U.S. Model 1855 Pistol-Carbine

U.S. Model 1855 Pistol-Carbine

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Usage conditions apply
Physical Description:
The.58 caliber U.S. Model 1855 rifled pistol-carbine is a pistol with a detachable shoulder stock and was created by the Springfield Armory. It retains the Springfield 1855 Maynard primer. It has a swivel type steel ramrod and an assembly number of 16.
This pistol carbine has three stamps on the lockplate. “1865” is stamped on the rear. The second stamp is an eagle under the hammer and “U.S./SPRINGFIELD” is stamped towards the front.
The Springfield Model 1855 Pistol-Carbine was the last single shot pistol to be produced for the U.S. military. More than 4,000 were made. At the time, it was the smallest.58 caliber pistol used in the army. It was lighter because this pistol-carbine was built to use the newly designed Minie bullet. It also was useful because normal rifle musket caps could be used on this firearm.
This pistol-carbine was intended to be used as a pistol on horseback and a carbine on foot. When used as a carbine, it also had an awkward weight and balance. The butt stock was prone to split during the recoil and loosen over time. Because of these deficiencies and the availability of six-shot revolvers, this type of firearm quickly fell out of favor with U.S. troops.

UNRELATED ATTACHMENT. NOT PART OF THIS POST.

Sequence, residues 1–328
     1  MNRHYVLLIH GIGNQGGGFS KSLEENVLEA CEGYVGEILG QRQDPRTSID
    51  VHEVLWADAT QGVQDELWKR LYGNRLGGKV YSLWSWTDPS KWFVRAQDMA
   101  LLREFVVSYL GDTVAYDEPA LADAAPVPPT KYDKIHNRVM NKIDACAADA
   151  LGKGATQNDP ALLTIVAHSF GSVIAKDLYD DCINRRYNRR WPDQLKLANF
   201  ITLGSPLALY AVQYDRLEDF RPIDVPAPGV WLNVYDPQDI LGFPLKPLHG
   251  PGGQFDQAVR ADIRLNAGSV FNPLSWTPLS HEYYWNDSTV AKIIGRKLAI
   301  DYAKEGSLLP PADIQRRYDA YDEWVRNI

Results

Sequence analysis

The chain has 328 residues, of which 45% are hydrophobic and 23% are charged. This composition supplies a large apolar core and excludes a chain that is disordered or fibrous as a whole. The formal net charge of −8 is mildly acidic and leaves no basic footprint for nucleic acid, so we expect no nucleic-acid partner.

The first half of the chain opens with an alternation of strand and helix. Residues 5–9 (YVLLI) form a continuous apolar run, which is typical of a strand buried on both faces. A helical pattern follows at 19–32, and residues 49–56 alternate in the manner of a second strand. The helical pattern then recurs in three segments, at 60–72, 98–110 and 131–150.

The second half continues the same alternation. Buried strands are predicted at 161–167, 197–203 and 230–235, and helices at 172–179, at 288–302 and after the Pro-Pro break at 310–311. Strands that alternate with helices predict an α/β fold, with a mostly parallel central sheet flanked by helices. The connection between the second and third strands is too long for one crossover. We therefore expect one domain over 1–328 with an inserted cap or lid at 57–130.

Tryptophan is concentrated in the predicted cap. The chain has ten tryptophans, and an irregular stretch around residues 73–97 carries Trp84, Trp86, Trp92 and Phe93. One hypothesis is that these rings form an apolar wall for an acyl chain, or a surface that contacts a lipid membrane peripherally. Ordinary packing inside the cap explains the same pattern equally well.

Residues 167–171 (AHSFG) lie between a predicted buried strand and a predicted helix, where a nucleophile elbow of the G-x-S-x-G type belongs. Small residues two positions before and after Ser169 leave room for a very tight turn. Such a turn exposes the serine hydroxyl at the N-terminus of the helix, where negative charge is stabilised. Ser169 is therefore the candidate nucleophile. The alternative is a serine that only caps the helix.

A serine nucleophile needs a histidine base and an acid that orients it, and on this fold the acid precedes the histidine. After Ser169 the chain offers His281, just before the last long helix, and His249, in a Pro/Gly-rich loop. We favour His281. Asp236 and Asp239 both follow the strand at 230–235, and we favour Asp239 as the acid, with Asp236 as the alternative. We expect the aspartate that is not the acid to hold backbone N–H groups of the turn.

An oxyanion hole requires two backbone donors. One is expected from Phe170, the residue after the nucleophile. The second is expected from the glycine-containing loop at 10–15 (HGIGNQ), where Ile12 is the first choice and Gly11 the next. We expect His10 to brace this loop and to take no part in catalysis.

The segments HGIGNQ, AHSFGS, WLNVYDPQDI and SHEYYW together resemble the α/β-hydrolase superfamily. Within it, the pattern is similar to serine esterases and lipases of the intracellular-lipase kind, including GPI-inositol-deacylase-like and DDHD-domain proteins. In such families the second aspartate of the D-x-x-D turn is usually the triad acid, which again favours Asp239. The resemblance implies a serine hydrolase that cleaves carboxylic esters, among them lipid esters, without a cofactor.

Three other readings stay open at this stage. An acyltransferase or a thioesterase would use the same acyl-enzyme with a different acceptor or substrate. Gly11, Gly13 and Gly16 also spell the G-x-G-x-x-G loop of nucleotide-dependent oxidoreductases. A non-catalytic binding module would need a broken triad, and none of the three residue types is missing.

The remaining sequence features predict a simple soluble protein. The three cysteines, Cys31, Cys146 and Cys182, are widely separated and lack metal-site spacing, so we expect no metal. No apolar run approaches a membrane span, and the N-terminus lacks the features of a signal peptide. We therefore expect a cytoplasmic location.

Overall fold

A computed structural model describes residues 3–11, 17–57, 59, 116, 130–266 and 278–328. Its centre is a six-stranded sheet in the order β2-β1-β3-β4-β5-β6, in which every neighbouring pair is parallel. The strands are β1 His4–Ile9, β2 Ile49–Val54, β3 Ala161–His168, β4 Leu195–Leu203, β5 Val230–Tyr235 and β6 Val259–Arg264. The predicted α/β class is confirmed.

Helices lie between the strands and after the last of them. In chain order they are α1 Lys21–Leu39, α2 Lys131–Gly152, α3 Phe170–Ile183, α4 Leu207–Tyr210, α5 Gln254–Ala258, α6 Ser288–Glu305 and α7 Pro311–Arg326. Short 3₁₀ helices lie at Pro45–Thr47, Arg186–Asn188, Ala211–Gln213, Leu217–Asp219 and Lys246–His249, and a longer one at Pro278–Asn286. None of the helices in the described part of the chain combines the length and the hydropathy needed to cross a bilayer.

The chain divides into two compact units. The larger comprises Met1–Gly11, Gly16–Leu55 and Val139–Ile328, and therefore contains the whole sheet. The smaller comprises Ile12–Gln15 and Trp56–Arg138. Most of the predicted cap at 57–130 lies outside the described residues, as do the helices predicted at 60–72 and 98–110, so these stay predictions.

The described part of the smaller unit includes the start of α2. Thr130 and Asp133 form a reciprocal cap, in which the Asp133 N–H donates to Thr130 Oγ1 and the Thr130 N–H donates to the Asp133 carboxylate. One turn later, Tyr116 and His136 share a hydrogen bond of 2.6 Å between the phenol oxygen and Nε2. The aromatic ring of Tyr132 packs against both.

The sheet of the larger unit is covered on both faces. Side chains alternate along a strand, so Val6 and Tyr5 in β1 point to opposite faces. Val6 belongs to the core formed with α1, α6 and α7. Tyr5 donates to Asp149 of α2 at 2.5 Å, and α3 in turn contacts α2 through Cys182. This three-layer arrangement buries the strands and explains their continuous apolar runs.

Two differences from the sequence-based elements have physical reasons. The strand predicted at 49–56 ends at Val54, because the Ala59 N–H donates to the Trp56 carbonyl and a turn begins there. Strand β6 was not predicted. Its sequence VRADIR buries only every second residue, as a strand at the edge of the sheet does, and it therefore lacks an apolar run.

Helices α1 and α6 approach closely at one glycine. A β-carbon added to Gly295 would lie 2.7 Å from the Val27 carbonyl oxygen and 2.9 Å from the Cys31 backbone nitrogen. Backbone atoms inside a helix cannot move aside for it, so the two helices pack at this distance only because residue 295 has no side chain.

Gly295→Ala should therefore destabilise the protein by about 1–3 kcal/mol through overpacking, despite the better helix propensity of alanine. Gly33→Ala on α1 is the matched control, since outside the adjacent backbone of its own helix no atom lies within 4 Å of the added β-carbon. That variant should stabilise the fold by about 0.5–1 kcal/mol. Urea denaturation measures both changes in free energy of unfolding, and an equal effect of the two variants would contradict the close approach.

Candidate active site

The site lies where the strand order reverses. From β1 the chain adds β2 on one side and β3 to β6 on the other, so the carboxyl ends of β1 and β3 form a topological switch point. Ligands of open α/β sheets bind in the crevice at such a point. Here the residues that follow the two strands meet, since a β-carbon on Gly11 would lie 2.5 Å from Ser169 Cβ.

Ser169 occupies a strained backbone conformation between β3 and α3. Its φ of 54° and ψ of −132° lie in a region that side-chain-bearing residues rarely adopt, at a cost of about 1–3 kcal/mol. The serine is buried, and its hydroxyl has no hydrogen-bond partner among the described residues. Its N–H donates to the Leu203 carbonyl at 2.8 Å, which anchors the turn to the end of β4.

Flayderman, Norm. Flayderman’s Guide to Antique American Firearms…and their Values, Gun Digest Books, Iola, 2007. 9th edition.
Gardner, Robert E. Col. Small Arms Makers: A Directory of Fabricators of Firearms, Edged Weapons, Crossbows and Polearms, Crown Publishers Inc, New York: 1963, p. 185.
Currently not on view
Object Name
pistol-carbine, percussion
Other Terms
pistol-carbine; Firearms; Tape Prime;.58 In; Rifled; Muzzle Load; Sa
date made
Springfield Armory
place made
United States: Massachusetts, Springfield
Physical Description
metal (part material)
wood (part material)
overall: 17 7/8 in; 45.4025 cm
overall: 29 1/2 in x 5 1/2 in x 2 in; 74.93 cm x 13.97 cm x 5.08 cm
ID Number
catalog number
accession number
collector/donor number
Credit Line
The Adriana and Edwin W. Bitter Family Collection
See more items in
Political and Military History: Armed Forces History, Military
The Bitter Collection of Firearms
Data Source
National Museum of American History
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I read an article in American Rifleman about this pistol/carbine. It was approved for production by then Sec. of War (& future confederate prez.) Jefferson Davis. This was about 7 yrs. after the Mexican-American War when the revolving pistol proved it's worth. So why did Davis approve a weapon that was already obsolete?

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